How to Talk to Young Black Boys about Trayvon Martin, by Toure (Time Ideas), note by Larry Eder


I coached for sixteen years. High school, community college, club and even University for two seasons. In my mid-life crisis, I will return to coaching and a university setting. I miss the day to day interaction with athletes and the excitement of learning. While I enjoy my interaction with my coach friends, athletes now, it is not like coaching.

I learnt as much as I instructed. I was fascinated with the discussions in community college track trips,  on sex, race, dating, life, and future life as my head coach, Joe and I drove teams to events. The conversations were open, honest, touching, but most of all, enlightening. I was living in my little cold corner of hell at the time, and it opened me to how others were seeing and living in the world.

I remember a large track relays where our relay team was followed by security guards most of the day. The three young black men knew that they were being followed, and I did not know what to say.

Then, one of the  young men came up to me and said, "We are being followed because we are black, right?" And I said, " Yes." And he asked me what to do. I said, "Stay focused and go win the relay." Which they did. We then left, got some dinner and drove the long way home. It was a joyous ride home.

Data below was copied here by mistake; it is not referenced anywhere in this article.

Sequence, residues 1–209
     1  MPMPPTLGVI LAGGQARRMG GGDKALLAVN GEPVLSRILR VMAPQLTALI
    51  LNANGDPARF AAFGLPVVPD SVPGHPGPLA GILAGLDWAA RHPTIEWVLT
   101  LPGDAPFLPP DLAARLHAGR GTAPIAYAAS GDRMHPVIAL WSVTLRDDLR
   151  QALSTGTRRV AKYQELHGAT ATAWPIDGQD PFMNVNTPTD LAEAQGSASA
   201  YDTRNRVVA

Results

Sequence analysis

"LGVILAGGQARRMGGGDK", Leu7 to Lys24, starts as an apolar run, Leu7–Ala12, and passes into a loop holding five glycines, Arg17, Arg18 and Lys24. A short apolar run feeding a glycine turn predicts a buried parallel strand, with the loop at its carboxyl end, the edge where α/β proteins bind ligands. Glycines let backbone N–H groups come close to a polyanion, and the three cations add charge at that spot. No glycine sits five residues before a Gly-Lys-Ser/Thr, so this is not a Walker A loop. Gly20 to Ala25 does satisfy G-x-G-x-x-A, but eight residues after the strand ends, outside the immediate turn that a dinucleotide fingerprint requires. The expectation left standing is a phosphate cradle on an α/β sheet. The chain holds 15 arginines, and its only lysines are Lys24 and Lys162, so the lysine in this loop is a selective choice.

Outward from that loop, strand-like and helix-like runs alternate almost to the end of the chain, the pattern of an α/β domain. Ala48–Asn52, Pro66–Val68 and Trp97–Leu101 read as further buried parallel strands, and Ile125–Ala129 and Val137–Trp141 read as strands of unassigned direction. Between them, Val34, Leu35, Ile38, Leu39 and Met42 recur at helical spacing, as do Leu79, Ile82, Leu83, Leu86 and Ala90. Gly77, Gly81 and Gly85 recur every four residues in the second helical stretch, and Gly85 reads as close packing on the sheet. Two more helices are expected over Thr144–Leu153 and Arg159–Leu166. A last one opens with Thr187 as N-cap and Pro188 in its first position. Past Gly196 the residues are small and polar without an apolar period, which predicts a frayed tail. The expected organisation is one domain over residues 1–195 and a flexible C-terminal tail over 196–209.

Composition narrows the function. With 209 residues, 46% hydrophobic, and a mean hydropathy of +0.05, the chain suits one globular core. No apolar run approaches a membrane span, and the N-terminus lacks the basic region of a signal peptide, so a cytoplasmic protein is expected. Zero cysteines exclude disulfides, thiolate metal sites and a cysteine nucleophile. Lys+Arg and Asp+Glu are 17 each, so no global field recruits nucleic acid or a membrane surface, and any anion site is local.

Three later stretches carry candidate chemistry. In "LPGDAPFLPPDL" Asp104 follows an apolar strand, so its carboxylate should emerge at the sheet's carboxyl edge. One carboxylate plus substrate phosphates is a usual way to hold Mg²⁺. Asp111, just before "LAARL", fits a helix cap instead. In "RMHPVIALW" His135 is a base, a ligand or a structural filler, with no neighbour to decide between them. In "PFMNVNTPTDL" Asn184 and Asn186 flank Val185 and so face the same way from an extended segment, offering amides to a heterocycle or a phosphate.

That runs in my head about once a week. If I recall, Joe did complain about the situation, which, of course the AD at the relays discounted.

I read this piece today and thought that you, my friends, my readers, many coaches and athletes, would understand and get. Toure is articulate, and honest. He speaks from life knowledge that while I empathize with, I have note experienced. Perhaps there is a young man you know who should read this. Share it with them. Listen to them, let them talk about their concerns and fears. It is honest and it is straight forward. And only with discussion can things change.

How to Talk to Young Black Boys about Trayvon Martin, by Toure (courtesy of Time Ideas)

One last thought: When my son Adam was a teen ager, he would confide in me and I would be frustrated because I could not change things for him. A Dad is supposed to be able to fix things, right? Well, one time, Adam just looked at me and said, " I need you just to listen, you can't do anything, just listen." That is when we began to really communicate.

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